European Competition Commissioner Neelie Kroes is touring the United States this week. Her visit comes during a nasty spat between the commission and Microsoft that could seriously hurt technology businesses and consumers.
Microsoft is planning to launch its new operating system, Windows Vista, in November for corporate clients and in January for consumers. Before launching in Europe, it hopes the EC will explain if there is anything in its software to which the commission seriously objects. Normally, a corporation shouldn’t have to get permission from a government body in order to launch a product, but in this case, Microsoft and the EC have a history that changes the norm.
In March 2004, the EC ruled that in addition to paying a record fine of 497 million euros (US$632 million), Microsoft had to sell a copy of Windows without Media Player software and hand over the specifics of its Windows server technology to rivals. Both these mandates were meant to correct Microsoft’s allegedly harmful market power.
The company appealed the decision, and in July, the commission slapped Microsoft with an additional fine of 280.5 million euros ($356.9 million) for supposedly not complying with its orders. Given this history, it isn’t hard to see why Microsoft would want to know in advance of its next product if the commission has problems with it. Unfortunately for everyone except EC bureaucrats, an answer will not arrive in the near future.
“It is not up to the commission to give Microsoft a green light before Vista is put on the market, it is up to Microsoft to accept and implement its responsibilities as a near-monopolist to ensure full compliance with EU competition rules,” said EU spokesperson Jonathan Todd. That’s tough to swallow, given that the commission has also said it has concerns with Vista.
“Diversity and innovation could be at risk if Microsoft was allowed to foreclose the existing competition in computer security markets … by bundling its own security products into its dominant operating system,” Todd said.
This game-playing by the commission should make entrepreneurs everywhere sick. Kroes and her staff are acting like spoiled children, as they are basically telling Microsoft, “We think you have problems, but we won’t tell you how to fix them.” That’s disappointing leadership from Kroes, who was recently named by Forbes as one of the “World’s Most Powerful Women.”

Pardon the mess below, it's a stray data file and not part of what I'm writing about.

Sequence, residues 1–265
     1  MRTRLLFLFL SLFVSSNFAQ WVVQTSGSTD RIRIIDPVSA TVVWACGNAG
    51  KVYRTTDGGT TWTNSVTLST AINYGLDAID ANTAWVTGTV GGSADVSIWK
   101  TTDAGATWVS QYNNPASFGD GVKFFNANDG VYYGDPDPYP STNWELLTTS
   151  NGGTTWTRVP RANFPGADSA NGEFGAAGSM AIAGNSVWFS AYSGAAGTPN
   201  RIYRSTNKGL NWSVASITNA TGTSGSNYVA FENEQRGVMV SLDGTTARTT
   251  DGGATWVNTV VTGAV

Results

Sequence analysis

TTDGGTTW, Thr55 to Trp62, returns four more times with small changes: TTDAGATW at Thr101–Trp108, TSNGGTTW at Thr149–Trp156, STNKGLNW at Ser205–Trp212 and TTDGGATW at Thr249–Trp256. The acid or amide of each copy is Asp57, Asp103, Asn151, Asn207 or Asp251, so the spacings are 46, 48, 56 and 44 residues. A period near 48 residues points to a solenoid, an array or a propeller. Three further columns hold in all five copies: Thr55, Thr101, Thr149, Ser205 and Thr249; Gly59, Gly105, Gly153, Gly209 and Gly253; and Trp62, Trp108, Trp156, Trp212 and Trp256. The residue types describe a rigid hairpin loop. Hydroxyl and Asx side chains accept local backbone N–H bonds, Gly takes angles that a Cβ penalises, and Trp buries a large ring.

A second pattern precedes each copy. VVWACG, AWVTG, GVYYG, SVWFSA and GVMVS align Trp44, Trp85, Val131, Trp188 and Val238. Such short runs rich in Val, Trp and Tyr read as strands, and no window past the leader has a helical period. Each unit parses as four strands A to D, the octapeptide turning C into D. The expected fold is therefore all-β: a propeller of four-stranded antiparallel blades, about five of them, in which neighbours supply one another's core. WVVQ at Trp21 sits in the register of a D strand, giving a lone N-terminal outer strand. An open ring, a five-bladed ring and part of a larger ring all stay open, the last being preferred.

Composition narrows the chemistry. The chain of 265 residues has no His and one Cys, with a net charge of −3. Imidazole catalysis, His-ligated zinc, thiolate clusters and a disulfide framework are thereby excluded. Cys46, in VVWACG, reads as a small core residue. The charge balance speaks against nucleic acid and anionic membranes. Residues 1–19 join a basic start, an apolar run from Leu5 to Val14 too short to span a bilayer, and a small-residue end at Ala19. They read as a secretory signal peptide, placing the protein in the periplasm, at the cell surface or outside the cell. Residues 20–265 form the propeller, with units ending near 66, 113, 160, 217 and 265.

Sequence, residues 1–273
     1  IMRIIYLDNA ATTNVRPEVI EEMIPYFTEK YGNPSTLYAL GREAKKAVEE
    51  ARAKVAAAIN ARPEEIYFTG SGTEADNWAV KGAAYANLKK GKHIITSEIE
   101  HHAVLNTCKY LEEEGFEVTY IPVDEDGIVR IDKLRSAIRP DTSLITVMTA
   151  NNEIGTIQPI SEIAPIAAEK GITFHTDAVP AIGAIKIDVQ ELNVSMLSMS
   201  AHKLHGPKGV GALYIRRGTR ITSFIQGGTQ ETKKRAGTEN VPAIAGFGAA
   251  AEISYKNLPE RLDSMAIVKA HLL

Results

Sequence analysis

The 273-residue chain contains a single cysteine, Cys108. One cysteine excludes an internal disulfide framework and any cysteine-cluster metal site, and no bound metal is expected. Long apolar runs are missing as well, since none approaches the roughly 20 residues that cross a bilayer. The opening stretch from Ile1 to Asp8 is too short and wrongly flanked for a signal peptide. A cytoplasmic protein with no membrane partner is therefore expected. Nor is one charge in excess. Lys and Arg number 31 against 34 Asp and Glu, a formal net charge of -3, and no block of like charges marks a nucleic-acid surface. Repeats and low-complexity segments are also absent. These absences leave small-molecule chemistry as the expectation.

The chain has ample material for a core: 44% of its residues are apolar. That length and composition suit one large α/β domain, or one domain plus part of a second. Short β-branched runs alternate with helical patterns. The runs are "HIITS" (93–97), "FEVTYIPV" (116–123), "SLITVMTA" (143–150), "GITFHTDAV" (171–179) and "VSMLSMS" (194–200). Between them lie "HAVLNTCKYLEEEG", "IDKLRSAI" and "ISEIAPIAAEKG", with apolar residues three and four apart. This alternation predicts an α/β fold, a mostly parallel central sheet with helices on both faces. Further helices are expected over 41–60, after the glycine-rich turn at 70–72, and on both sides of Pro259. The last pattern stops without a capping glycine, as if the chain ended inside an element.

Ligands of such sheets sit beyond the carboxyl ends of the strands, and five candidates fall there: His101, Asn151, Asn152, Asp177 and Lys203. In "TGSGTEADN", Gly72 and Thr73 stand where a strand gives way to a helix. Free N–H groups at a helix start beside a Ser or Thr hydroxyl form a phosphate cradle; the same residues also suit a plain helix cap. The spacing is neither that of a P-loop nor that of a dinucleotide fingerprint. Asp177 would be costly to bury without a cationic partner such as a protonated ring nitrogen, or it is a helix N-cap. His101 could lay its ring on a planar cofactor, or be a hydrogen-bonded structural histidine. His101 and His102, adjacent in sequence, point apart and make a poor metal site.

Who Needs Enemies?
Of course, if one takes a hard look at Todd’s comments, the natural conclusion is that the commission doesn’t want Microsoft to build security features into its product. That’s not just anti-consumer, it’s downright stupid. With friends like that, Europeans certainly don’t need any enemies.
Conducting business in this kind of environment is obviously dangerous, and one of the reasons why Microsoft cited the EC’s concerns about Vista as a “risk factor” in a recent filing to the U.S. Securities and Exchange Commission. But not all Europeans accept the EC’s poor behavior.
In a letter to Kroes, European parliament members Chris Heaton-Harris, Sharon Bowles, Peter Skinner and Michal Kaminski said, “It is alarming that one of the world’s most successful technology companies considers the European Commission’s attitude a risk factor.”
It is indeed alarming, and it becomes even more so with the possibility that this risk might force Microsoft to delay its launch of Vista in Europe. If that happens, European businesses will join consumers in feeling the unfortunate harm caused by the commission’s missteps.
Seeing the Light
According to European computer retailer PC World, “The possibility of a further delay in the introduction of Microsoft’s new operating system Vista in Europe, due to regulatory uncertainty, would disrupt the computing industry.” Many other companies also expressed concerns, as delays cause loss of revenue and harm the economy.
Consumers are better off when companies add new features to their products, a truism that even antitrust officials in the United States acknowledge. In suggesting that consumers would be better off if Microsoft refrained from adding new security features to its system, the commission reveals where its real concerns reside: helping competitors and showing the world that the EC isn’t afraid to wield its power, even if it does hurt those it was meant to protect.
Neelie Kroes may be powerful, but she needs a new perspective on the technology industry and consumer needs. Perhaps she will get it during her American tour this week. If she doesn’t, a lot of people will suffer.
Sonia Arrison, a TechNewsWorld columnist, is director of Technology Studies at the California-based Pacific Research Institute.